Many of us were raised in churches where we were taught that being “spiritual” meant going to church every Sunday, praying long prayers, and memorizing lots of Scripture. At some point, we began to equate spirituality with discipline, following rules, and lots of hard work.
But this was never God’s idea.
This is the world’s idea of spirituality, characterized by rules, laws and traditions, rituals, and confidence in our own abilities. The focus is external – our self-effort and religious activity.
Unlike worldly spirituality, true spirituality, according to the Bible, focuses on the internal – our connection with God. In fact, the whole goal of our spiritual life is summed up as this: to know Christ and to have a relationship with Him. Our spirituality is not based on human efforts but by the means of the Holy Spirit dwelling in us. Likewise, being spiritual isn’t about what we do but about what Christ has already done on the cross.
In his letter to the Philippians, the Apostle Paul addresses this issue of true spirituality and how we can experience it. He writes: “Further, my brothers and sisters, rejoice in the Lord! It is no trouble for me to write the same things to you again, and it is a safeguard for you. Watch out for those dogs, those evildoers, those mutilators of the flesh. For it is we who are the circumcision, we who serve God by his Spirit, who boast in Christ Jesus, and who put no confidence in the flesh…” (3:1-3)
In these three verses, Paul makes two main points about spirituality:
1. True spirituality is always rooted in relationship and results in joy. Being spiritual isn’t about following a list of rules driven out of guilt. It’s about being in relationship with the Lord. Paul writes, “Rejoice in the Lord!” because the natural byproduct of a relationship with Christ should always be joy!
2. Religious traditions can be harmful to our spiritual zeal. Paul warns the Christians in Philippi to stay away from the “dogs” – a name that he uses to refer to the Judaizers – a religious sect who taught that in addition to believing in Christ one needed to follow the Jewish law and adhere to its practice of circumcision. Doing certain external things or following rules in order to get right with God basically negates what Christ did on the cross.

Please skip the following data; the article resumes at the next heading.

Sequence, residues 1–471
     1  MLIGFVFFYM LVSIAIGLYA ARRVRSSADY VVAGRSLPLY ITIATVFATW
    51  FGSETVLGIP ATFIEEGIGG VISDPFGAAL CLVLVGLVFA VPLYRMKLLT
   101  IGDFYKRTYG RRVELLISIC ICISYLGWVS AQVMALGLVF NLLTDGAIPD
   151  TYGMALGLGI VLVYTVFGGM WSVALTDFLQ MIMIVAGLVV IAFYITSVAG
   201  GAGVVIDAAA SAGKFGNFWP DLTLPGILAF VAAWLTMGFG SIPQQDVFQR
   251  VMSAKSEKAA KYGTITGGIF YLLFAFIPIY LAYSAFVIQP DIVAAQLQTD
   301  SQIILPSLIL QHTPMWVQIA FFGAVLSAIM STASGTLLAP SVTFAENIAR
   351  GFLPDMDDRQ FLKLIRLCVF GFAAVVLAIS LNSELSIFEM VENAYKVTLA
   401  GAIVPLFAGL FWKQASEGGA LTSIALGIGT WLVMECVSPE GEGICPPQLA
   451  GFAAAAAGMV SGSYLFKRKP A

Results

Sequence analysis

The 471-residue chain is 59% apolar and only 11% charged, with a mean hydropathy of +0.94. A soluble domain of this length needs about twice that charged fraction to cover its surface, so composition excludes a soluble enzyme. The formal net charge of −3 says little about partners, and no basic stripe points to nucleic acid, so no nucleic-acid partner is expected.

Paul shows us that the main difference between true spirituality and false spirituality is that one is grace-focused, and the other is guilt-induced. Rituals and rules, if needed, should flow from grace and confidence in the work of Christ.
So then, how do we experience true spirituality? We certainly can’t do it by “trying harder” or by accomplishing religious activities. The only thing required is that we give our whole hearts to God. Over time, when we progressively and intentionally come to know Christ deeper and deeper, we become more and more like Him.
This week we’re starting the series, True Spirituality. In it, we’ll uncover the truth about spirituality, as well as what it means to be spiritually mature and how to get there. As we take this journey together, my prayer is that we’ll be able to more clearly see what God’s path to true spiritually looks like, so that we can more fully experience His goodness and live out the life He desires for each one of us.
Keep Pressin’ Ahead,
Teaching Pastor, Living on the Edge
Founder & Teaching Pastor, Living on the Edge
Chip Ingram is the CEO and teaching pastor of Living on the Edge, an international teaching and discipleship ministry. A pastor for over thirty years, Chip has a unique ability to communicate truth and challenge people to live out their faith. He is the author of many books, including The Real God, Culture Shock and The Real Heaven. Chip and his wife, Theresa, have four grown children and twelve grandchildren and live in California.More Articles by Chip